The Vallee Foundation lunch. Front row, left to right: Elyse Fischer, Melissa Ward, Sarah Rollauer, Agnieska Krzyzosiak. Middle row, left to right: Jo Fothergill, Katie Harron, Melda Tozluoglu. Back row, left to right: Mususa (Mu) Wiesel, Torsten Wiesel, Eddy Fischer, Hans Jornvall
Dr Jo Fothergill, from the University’s Institute of Infection and Global Health, visited Lindau in Germany to take part in the 65th Lindau Nobel Laureate Meeting.
“I never considered that I would ever be in a room with one Nobel Laureate. Yet in a small Bavarian town, I found myself in a room with 65 of them. This was an unusual conference – not like one I’ve ever been to before. The meeting speakers comprised of Nobel Laureates in Chemistry, Physics and Physiology/Medicine and the delegates were 650 young scientists from around the globe.
Through attending the lectures, there was a lot of advice for young researchers. A key theme from many of the Nobel Laureates was to identify your goal and focus on this throughout your scientific career. A healthy disregard for accepted wisdom, a little faith and an enjoyment of gambling was advice given by J. Michael Bishop. The career path (or lack thereof) facing young scientists is clearly an issue worldwide. It was heartening to hear that many of the Nobel Laureates were sympathetic to this issue whilst recognising that academia has a birth control issue, producing many scientists that cannot all be supported within academia.
Throughout the week there were many lectures that grabbed and inspired me. From my own background in molecular microbiology I really enjoyed the lecture by Hamilton O Smith on reducing genetic functions of a bacterial cell down to the lowest number of genes possible. This led to his team generating an artificial chromosome of approximately 450 genes. This is very different to the bacteria I work on which harbours 5-6000 genes.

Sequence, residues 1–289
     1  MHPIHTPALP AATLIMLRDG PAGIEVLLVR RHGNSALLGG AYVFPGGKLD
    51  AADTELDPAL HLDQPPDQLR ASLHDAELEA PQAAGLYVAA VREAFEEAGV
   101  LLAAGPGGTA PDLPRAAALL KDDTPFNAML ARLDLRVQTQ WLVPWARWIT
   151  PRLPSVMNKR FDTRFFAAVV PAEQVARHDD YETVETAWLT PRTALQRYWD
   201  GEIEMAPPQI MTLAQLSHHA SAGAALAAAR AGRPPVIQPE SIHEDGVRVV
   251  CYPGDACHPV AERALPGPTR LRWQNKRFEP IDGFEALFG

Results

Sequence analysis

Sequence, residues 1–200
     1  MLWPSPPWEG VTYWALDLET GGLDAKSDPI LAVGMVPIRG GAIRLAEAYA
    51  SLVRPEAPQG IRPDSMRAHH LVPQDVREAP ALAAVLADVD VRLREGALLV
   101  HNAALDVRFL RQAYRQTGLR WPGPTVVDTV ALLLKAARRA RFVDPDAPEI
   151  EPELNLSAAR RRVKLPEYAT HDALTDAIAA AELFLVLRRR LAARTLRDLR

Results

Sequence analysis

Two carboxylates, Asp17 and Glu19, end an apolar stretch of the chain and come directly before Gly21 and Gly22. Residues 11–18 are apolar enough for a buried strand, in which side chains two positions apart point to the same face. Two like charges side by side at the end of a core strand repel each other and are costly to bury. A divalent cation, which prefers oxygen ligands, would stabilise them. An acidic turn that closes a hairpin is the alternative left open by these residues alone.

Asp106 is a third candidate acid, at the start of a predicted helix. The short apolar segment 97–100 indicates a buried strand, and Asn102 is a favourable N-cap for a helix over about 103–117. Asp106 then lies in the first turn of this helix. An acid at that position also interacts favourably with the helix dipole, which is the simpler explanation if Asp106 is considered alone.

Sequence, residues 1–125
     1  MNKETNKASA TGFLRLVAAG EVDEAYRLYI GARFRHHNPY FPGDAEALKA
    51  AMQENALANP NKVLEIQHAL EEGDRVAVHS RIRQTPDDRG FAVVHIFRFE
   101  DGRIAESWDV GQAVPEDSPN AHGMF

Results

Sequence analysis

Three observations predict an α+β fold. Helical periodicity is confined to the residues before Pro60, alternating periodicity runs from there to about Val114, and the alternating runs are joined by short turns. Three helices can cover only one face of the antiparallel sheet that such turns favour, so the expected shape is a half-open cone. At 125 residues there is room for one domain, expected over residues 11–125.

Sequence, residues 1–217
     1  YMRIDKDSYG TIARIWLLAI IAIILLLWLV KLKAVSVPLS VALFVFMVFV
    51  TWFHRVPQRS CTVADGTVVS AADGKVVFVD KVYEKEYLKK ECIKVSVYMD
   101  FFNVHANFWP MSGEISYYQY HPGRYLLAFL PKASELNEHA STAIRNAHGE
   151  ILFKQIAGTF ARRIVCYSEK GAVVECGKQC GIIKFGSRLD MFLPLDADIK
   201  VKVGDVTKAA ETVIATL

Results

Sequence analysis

Robin Warren described his journey changing the world view of Helicobacter and on disbelieving reviewers he stated: “If you’ve got something really new, there are no peers to review it”. The story of Helicobacter is one that I have been very familiar with and have worked on as an undergraduate. It was fascinating to see this through his eyes and the belief that he had in the face of the disbelief of others.
Ada Yonath was a real inspiration, both as a character and a scientist. She is a strong female role model and yet appears to have maintained humility, enthusiasm and a family life. Her work, based around the ribosome but now moving into using this knowledge to inform antibiotic drug design was stimulating. This is such an important area of research and it was great to see that the Nobel Laureates continue to tackle the big questions in science.
Meeting of minds
The lectures allowed me to view the more unfamiliar fields of physics and chemistry through the eyes of the Nobel Laureates rather than my own uninformed eyes. However, it was not only the Nobel Laureates who inspired me during the week. I got to meet so many young scientists from around the world in a variety of different fields.
Luckily, there was a bit of time to relax and a few of us were taken out for a sailing trip by some locals on the lake. Everyone was so friendly and clearly enjoyed the return of the conference each year.
I am so grateful for this opportunity and for the support I was given. I would encourage everyone to apply to attend this conference and given the opportunity again, would jump at the chance. If I’m honest as to the overall highlight of the week, I would have to say that it was the personal touch of having lunch (organised by the Vallee Foundation) with esteemed Nobel Laureates – getting to discuss on a one-on-one basis with them my work and being inspired by their energy.”
A more in depth review of the meeting written by Jo is available to read on the Institute of Infection and Global Health’s blog.
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